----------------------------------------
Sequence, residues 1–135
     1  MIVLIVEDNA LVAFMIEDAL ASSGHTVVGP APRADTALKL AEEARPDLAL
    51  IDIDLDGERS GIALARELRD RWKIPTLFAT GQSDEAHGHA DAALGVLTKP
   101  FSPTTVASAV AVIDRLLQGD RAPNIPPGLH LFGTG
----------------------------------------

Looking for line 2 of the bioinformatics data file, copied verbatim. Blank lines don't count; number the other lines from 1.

     1  MIVLIVEDNA LVAFMIEDAL ASSGHTVVGP APRADTALKL AEEARPDLAL